What is the best-designed football kit?

With Neville Brody working on the England World Cup strip, we ask designers for their favourite kits.

PB

‘Throughout the years there have been some terrible decisions made when designing football kits, ranging from the ridiculous (mid-’90s England goalkeepers) to the bizarre (Coventry City’s 1978 brown kit). However, if we take “best designed” to mean the kit that best communicates a desired message then it has to be the Liverpool FC 1964 kit. The manager at the time Bill Shankly decided that he would change the kit design to all-red – doing away with the white shorts, socks and trim – in order to make his team look more intimidating to opponents. Ian St John, a player at the time, recalls, “Shankly thought the colour scheme would carry psychological impact – red for danger, red for power.” Liverpool went on to dominate English and European football for the next 25 years. Now you can’t get much better impact of a kit design than that (although I suspect it wasn’t all down to the all-red kit).’

Paul Bailey, Partner, 1977 Design

CH

‘Having done some low-level research, my gut feeling has been confirmed. The late ’70s early ’80s were the best decade for the England strip – also known as the ‘Admiral era’. Admiral had a fine piece of brand design for themselves, and they generously extended their cool to the England strip. Those awkwardly short shorts and questionably tight shirts complemented the players’ bubble perms very nicely. Also it was the first time that an emblem other than the three lions was introduced: red and blue striping on collar and sleeves. Jimmy Greaves wasn’t happy, he thought the new strip looked like pyjamas. You can’t please everyone, I guess.’

Chris Harrison, founder, Harrison Agency

JG

‘I personally have a soft spot for the French away kit from 2011/13. It’s super-simple, but clever as hell. The design takes its inspiration from the Breton shirt ”the marinière”. Originally the uniform of the French Navy in Brittany featuring 21 stripes (one for each of Napoleon’s victories), it now brings to life the positive images of France as a country of elegance, refinement and style. Something the national team reflects in their on-field play. The proof in the success was felt as I stood in Nike town almost buying the national shirt of a country we historically see as a rival. Bravo Nike.’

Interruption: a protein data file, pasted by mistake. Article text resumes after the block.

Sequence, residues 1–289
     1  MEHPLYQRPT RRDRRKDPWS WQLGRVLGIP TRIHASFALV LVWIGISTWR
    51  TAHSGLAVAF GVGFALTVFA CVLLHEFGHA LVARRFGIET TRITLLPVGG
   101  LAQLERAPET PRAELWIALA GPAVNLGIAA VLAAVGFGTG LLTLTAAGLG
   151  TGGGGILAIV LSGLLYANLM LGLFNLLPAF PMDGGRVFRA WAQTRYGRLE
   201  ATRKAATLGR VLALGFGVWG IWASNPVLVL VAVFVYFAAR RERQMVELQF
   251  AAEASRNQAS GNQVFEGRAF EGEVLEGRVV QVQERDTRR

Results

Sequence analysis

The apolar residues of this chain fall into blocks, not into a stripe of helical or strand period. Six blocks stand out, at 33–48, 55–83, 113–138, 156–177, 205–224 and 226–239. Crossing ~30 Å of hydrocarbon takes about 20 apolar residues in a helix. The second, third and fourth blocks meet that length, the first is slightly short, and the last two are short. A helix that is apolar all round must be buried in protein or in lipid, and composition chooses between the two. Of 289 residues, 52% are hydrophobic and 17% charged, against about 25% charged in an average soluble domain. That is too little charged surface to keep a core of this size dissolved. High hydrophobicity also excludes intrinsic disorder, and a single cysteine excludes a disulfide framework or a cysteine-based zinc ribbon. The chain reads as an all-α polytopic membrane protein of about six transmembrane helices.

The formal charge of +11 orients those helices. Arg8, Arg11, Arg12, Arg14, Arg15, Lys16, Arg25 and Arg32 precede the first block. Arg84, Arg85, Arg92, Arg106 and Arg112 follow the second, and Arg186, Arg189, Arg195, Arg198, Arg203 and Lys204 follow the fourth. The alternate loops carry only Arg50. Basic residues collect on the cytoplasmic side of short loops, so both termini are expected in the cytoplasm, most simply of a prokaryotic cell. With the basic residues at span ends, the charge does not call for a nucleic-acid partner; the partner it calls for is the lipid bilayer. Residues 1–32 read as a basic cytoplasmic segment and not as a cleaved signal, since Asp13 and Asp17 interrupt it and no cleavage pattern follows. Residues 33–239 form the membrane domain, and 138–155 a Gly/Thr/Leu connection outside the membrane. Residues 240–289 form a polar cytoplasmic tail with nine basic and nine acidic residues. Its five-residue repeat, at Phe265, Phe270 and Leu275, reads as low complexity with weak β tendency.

James Greenfield, executive creative director, Design Studio

DR

‘Changing colours is risky. Ask Cardiff City’s Vincent Tan, who kitted his Bluebirds in shiny red shirts tucked into high-waisters – a popular look in Malaysia. No, football’s most triumphant rebrand was surely Malcolm Allison’s 1973 reinvention of Crystal Palace. Out went claret and light blue. Suddenly, the Glaziers were Eagles – world-beaters in red and blue stripes with radical numbered sleeves. Dripping in bling and porn stars (accessorised with fedora and sheepskin), Big Mal then dressed Palace for an epic cup run in a lucky sash. And that’s why we’re the Barcelona and Peru of South London.’

Dan Radley, executive creative director, Start JG

RW

‘A cliché I know, but it has to be the Brazil 1970 kit; it was the only non-English kit I had as a youngster. And of course, it ties in nicely with one of the most glorious football teams to ever grace the green turf (Pele, Rivelino, Jairzinho). But the all-yellow top with classic green trim & blue shorts – well it doesn’t get much better than that.’

Rob Watson, co-founder, Raw

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Comments
  • Mike Riches November 30, -0001 at 12:00 am

    I have to agree with Paul Bailey, I like the Admiral kits and for this years World Cup, the USA away strip look good, as does Puma’s Cameroon strip.

    We actually just released an infographic with every England football kit ever worn. We would love to get your opinions:

    http://printso.me/EnglandFootballKit1
    http://printso.me/EnglandFootballKit2

    Sorry for the plug.

  • Phil Shelley November 30, -0001 at 12:00 am

    If you need a reminder of all those wonderful, and not so wonderful Ingerland shirts, take a look here at the most comprehensive football shirt history site http://www.oldfootballshirts.com

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